But what if I get it wrong? How to get over the fear of ruining your horse (+ free printable)

A little while ago, I posted on the Confident Rider Facebook page this quote:

Perfectionism gets in the way of success. Commit to daily, imperfect action rather than perfect inaction.

A few riders sent me messages discussing their concerns and challenges that they were facing, and a big one that stood out for me was the fear of ruining or somehow causing harm to their horse. This came up for a few different reasons specific to each individual but more than a handful of riders I spoke to felt stuck in one spot based on the mindset that potentially taking action in any direction could see them doing something wrong.

I get this, I really do. It really is a most lovely and compassionate thought- that somehow your skills won’t be up to scratch and your horse could suffer as a result- but the mere fact that you HAVE that thought tells me that you are exactly the sort of person who SHOULD be out there doing things with their horses. The kind of person who considers what it is they are doing and what the ramifications of their actions are. That said, staying in one spot is not going to help anyone (least of all you), so I’ve put together some quick and easy guidelines to success to get you out of that headspace and create some momentum to get you back to doing whatever it is you want to be doing with your horse!

Drum roll please…

1. A  plan please! Learn, learn and learn some more.

You don’t have to be a hero, but you do have to be intelligent. If you are worried that your skill level is not up to speed find someone that you respect and talk through the challenges or training issues that you are currently facing. Put a strategy or a plan in place that provides you with really clear goal posts and markers that you can hit along the way, and then use the resources that you have at your disposal to understand what it is you are doing and how to continue forward.

The things is, when we are learning anything new, sometimes things get a little… messy. They can even feel like they are falling apart! This doesn’t mean, however, that they actually ARE falling apart, it’s just the nature of learning a new skill or leaping outside of your comfort zone. Be prepared for things to not look pretty at first… it will be worth your time in the end!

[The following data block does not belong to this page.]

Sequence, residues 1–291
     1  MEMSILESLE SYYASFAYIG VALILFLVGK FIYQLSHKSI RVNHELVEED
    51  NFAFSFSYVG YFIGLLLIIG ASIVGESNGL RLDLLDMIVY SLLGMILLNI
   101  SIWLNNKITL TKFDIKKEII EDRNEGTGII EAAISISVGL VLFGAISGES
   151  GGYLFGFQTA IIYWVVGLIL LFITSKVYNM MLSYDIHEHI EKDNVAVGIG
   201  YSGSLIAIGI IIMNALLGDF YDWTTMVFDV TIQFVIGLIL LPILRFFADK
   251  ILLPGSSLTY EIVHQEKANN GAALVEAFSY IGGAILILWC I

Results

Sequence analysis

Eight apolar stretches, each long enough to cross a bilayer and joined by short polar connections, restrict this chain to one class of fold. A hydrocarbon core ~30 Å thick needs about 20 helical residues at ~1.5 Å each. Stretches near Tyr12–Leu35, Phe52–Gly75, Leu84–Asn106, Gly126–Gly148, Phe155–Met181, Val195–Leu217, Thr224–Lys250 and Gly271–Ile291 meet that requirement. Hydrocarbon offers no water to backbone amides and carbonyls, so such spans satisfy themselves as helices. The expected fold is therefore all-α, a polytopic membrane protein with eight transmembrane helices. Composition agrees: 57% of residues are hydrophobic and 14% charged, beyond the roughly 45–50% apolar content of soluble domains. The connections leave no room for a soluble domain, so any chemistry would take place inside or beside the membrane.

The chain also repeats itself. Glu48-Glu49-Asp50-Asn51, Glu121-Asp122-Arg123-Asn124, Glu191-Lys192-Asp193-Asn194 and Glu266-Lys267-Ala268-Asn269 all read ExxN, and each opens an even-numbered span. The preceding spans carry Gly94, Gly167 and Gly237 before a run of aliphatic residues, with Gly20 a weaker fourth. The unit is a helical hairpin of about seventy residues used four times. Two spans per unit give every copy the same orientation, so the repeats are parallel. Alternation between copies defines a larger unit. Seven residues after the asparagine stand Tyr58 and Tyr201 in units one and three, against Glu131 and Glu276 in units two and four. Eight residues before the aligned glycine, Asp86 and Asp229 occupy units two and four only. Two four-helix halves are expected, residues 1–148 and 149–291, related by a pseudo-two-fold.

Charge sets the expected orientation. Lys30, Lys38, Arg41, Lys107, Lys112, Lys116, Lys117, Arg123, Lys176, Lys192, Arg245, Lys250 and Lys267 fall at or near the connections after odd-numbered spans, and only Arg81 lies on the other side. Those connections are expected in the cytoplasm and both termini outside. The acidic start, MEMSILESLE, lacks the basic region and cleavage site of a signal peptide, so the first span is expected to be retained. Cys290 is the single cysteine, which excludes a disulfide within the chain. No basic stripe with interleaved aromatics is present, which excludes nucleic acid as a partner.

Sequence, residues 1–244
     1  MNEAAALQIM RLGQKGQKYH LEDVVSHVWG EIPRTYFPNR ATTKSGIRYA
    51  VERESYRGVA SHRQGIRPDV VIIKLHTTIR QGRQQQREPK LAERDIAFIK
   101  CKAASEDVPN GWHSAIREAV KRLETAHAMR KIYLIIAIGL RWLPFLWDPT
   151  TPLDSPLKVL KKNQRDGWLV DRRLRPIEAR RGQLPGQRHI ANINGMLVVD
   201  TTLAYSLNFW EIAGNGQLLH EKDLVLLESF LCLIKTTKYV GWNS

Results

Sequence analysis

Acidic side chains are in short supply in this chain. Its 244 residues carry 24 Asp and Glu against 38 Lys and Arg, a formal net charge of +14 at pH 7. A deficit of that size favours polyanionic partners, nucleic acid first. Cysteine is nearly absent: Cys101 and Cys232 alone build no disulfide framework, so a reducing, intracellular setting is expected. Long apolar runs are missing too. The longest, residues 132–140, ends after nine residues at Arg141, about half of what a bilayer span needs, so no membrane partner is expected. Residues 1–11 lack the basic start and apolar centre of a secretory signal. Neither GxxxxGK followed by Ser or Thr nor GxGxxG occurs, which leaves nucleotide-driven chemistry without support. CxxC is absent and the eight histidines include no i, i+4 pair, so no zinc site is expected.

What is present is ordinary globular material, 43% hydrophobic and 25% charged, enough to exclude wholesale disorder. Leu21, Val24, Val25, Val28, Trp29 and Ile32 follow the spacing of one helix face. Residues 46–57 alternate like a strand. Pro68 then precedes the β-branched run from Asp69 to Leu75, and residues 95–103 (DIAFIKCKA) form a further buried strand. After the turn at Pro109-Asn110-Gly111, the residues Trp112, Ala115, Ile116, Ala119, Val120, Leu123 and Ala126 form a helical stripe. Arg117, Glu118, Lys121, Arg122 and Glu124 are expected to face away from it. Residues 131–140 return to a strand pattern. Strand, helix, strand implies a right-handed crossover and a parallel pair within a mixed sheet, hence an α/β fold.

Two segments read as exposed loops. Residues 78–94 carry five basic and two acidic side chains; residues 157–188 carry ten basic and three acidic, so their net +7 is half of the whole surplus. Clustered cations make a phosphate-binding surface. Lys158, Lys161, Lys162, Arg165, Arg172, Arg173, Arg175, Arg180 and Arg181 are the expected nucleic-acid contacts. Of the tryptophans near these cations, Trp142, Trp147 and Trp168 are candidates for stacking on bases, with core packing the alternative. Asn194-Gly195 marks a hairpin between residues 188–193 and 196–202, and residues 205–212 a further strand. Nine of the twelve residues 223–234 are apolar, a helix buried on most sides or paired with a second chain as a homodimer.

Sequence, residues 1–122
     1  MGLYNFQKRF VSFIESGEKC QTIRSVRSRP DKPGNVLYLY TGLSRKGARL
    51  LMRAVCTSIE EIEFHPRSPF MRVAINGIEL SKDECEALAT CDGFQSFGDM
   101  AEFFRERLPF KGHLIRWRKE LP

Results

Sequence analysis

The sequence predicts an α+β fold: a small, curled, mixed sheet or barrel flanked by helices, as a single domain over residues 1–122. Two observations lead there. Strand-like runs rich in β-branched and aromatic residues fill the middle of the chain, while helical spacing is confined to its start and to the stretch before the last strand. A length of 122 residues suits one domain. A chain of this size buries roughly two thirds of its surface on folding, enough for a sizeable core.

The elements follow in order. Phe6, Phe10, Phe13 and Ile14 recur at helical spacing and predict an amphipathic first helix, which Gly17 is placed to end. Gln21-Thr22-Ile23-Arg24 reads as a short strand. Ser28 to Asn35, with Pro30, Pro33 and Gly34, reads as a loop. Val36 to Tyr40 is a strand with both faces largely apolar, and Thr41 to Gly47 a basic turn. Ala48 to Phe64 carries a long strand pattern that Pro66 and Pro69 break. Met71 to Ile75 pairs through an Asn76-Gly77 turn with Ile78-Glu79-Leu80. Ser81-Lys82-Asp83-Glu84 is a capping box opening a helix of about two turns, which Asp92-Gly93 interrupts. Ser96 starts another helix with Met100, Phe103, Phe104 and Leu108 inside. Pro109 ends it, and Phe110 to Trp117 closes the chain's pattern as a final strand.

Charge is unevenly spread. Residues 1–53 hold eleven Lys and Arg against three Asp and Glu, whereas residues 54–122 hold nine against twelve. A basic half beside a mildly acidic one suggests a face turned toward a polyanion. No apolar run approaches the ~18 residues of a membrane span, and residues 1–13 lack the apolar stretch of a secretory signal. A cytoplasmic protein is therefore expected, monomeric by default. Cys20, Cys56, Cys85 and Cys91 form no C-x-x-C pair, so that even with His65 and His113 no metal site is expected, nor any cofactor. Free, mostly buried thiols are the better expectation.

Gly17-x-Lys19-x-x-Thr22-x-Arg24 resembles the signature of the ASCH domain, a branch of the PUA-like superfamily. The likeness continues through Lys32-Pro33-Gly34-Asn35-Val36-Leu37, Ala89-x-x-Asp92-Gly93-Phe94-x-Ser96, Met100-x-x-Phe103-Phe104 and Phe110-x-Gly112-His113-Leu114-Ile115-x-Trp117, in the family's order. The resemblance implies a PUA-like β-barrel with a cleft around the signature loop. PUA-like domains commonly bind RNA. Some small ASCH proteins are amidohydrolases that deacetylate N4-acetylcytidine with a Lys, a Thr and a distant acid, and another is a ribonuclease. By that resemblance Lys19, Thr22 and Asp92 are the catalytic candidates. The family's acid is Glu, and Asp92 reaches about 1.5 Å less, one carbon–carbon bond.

2. Re-evaluate what mistakes mean

The idea of “getting it wrong” or being afraid of “stuffing up your horse” is a huge, immobilising force and is a key ingredient in procrastination and the feeling of “stuck-ness”. Most learning happens from initiating a process– you can pre-plan as much as possible, but it’s only through experiencing both correct AND incorrect action that the real learning happens. If you can start to reframe the idea of mistakes and think of them as “solution finding” rather than “mistake doing”; often we only know what is right after we have experienced what is wrong. It’s really important that you put one foot in front of the other and start to initiate the kinds of processes that are moving you towards finding solutions.

 3. Reflect and assess

If you remain conscious of the process and sensitive to what is working and what isn’t working, it’s unlikely you would let things develop to the point where they are unworkable or irreparable. Keep reminding yourself that learning is a really cyclic process; if in doubt, just go back to point number one!

Now go out there and take some action!

xx Jane

Grab your free printable below to take you from stuck to on track! 

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A bad experience. A break. And now any jump seems too high!

Julie wrote to me about a situation that I know is not at all uncommon; she had a series of “bad experiences” jumping, a bit of a break (in her case a few years) and now she is finding on her return that her mojo and jumping confidence has totally left the building. Gah!

Here’s what she has to say….

I’m wanting some help over coming my fear around jumping. I am an experienced rider and although never overly brave, I would happily jump around metre courses. However, I had a couple of bad experiences and a break from jumping (a few years) and when I have come back to it I find that even the tiniest fence is terrifying.